Sunday, April 3, 2011

THE SACRED JOURNEY by Charles Foster

This is undoubtedly the most difficult review I have ever written. We were provided a free copy for review by Thomas Nelson, and I began The Sacred Journey full of optimism and eager anticipation. In short order I grew disappointed, then outright angry. Feeling the need to justify this position, I provide four examples.

First. I am well aware Hindus, Muslims, and Buddhists make pilgrimages. However, as a Christian, I have very little interest in them. Just as I am fairly certain they could care less how many people visit Lourdes or Fatima. It was my understanding the Ancient Practices Series dealt with Ancient Christian practices. I found the book’s treatment of Christianity as one in a group of more or less generic religious traditions to be bothersome.

Second. In addition to containing factual errors, the book is frequently irreverent. I found the reference to Jesus Christ as Yahweh Man extremely offensive. Call me a stickler, but I was also troubled by the reference to the Sudarium as “the veil Veronica used to wipe the face of Jesus.” The Sudarium (Strong G4676) in Oviedo, Spain refers to the cloth that covered Jesus’ face in the tomb. “…and the napkin, which had been on his head, not lying with the linen cloths but rolled up in a place by itself.” John 20:7. Veronica’s Veil, meanwhile, resides in a special chapel within St. Peter's Basilica and is brought out once a year on the 5th Sunday of Lent, Passion Sunday.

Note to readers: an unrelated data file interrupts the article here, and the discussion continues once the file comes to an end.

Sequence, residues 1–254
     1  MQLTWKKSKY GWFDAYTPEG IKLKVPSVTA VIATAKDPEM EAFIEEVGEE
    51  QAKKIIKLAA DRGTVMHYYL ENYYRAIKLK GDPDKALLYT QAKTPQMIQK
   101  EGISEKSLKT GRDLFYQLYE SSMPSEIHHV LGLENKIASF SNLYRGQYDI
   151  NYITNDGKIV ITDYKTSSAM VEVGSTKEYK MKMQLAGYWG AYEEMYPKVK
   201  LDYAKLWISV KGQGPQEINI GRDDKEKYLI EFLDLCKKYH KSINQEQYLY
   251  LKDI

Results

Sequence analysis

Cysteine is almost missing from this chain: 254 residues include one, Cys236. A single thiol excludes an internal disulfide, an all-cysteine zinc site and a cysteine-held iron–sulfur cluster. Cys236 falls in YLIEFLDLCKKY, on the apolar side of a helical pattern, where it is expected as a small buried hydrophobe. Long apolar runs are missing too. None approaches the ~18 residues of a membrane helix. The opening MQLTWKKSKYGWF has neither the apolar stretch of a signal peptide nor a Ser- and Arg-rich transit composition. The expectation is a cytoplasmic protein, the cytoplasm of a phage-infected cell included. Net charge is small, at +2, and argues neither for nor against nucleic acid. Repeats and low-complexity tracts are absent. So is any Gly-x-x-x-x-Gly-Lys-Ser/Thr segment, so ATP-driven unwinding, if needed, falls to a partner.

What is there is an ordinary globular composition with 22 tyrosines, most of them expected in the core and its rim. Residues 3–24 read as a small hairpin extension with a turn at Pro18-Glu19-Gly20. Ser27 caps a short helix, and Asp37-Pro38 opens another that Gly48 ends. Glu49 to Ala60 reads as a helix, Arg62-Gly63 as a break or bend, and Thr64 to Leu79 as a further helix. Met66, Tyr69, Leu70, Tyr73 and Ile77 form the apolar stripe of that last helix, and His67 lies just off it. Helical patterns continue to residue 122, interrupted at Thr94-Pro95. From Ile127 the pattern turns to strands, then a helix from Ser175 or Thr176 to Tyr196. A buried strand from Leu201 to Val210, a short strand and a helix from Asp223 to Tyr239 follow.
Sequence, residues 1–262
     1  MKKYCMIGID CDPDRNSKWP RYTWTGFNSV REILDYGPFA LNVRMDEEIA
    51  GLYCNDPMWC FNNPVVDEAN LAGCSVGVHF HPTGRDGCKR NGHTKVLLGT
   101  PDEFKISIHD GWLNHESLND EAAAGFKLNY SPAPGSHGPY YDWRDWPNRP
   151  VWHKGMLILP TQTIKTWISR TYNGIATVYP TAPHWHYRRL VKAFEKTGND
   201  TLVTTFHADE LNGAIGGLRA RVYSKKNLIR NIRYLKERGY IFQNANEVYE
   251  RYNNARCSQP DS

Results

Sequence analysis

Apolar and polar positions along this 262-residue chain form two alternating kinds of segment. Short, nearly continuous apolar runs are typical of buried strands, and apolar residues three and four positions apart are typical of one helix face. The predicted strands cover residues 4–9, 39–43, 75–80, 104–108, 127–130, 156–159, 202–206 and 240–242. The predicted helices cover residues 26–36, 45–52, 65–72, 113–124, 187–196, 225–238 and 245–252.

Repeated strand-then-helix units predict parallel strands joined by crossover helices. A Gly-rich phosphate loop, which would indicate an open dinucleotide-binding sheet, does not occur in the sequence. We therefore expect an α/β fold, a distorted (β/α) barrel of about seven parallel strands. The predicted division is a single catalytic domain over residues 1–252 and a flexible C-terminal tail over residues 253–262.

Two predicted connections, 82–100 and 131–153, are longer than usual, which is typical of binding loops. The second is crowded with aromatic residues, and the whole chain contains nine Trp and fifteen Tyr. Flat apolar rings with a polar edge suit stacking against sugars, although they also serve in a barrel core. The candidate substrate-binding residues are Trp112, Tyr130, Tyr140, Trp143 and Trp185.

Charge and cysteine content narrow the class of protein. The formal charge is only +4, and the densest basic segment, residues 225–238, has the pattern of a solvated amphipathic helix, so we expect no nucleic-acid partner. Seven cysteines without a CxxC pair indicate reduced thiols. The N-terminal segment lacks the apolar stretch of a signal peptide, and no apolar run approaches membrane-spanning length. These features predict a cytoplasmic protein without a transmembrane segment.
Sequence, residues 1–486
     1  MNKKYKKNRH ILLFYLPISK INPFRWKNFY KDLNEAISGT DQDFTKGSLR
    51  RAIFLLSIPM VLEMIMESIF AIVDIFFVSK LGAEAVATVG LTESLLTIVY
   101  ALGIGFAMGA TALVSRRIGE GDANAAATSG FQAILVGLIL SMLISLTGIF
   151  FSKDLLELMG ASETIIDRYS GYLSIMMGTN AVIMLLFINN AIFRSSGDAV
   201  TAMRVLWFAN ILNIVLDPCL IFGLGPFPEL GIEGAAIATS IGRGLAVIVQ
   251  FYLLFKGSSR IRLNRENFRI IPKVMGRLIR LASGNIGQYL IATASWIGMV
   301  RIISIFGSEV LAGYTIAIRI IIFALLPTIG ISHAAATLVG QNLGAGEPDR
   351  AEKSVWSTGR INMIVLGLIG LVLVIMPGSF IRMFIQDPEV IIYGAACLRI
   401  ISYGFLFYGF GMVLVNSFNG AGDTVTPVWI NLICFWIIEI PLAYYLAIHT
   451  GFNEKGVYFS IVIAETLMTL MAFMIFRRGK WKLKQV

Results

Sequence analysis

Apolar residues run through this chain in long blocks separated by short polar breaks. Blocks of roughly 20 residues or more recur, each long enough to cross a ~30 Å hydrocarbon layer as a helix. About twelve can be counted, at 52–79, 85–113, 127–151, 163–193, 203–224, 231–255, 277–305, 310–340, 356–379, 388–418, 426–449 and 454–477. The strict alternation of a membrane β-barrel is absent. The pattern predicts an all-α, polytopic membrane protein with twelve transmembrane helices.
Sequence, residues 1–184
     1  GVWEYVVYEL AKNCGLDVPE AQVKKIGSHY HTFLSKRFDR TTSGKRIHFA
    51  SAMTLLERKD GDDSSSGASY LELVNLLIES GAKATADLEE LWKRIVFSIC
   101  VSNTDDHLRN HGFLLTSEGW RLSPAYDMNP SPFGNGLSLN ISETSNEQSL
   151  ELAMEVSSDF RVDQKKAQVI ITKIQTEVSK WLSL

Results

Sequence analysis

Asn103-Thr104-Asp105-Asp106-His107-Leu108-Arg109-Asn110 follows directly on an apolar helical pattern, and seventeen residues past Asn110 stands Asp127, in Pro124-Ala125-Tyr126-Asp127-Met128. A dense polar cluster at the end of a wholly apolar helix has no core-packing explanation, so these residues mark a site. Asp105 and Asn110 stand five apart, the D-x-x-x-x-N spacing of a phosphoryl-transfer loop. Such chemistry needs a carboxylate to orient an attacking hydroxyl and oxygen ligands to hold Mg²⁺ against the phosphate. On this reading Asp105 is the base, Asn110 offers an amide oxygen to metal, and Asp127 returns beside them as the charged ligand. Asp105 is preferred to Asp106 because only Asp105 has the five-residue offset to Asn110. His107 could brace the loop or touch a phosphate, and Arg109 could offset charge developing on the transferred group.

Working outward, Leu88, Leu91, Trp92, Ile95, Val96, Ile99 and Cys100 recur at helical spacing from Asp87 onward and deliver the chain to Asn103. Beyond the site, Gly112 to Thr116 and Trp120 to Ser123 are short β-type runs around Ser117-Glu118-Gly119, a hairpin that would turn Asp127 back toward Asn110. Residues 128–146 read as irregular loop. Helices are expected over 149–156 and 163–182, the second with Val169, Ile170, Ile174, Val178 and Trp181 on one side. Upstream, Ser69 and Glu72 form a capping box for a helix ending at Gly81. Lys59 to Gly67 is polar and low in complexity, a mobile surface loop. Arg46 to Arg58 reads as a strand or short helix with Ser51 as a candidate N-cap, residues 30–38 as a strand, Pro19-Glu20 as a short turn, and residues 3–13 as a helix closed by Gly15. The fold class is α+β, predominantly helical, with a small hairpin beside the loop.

And to speak of the Eucharist, or The Lord’s Supper, as a celebration of a shared meal is to completely misunderstand its sacramental nature. A carry-in potluck supper is a celebration of a shared meal. The Lord’s Supper is, at its least, a perpetual memorial to his sacrificial death, and to many, the body and blood of Christ.

Third. Excluding trips to the Holy Land, most pilgrimage destinations are Catholic sites. It strikes me as disingenuous for a book dealing with what is predominantly a Catholic phenomenon, to turn into an Anti-Catholic rant.

Fourth. The narrative tone throughout the book is flippant, and packed with pseudo cleverness indicative of someone who is full of himself. I would expect a book of this nature to have been written by a theologian or a Church historian. Why they chose a lawyer who is obviously unqualified, is beyond my understanding.

The Sacred Journey is strongly NOT recommended.
— E. G. Lewis

Product Details:
Paperback: 252 pages
Publisher: Thomas Nelson
Language: English
ISBN-10: 9780849946097
ISBN-13: 978-0849946097

1 comment:

  1. Wow, Ed. I'm glad I didn't pick this one to review. Sorry you were subjected to it. Give me Scott Hahn any day. :-)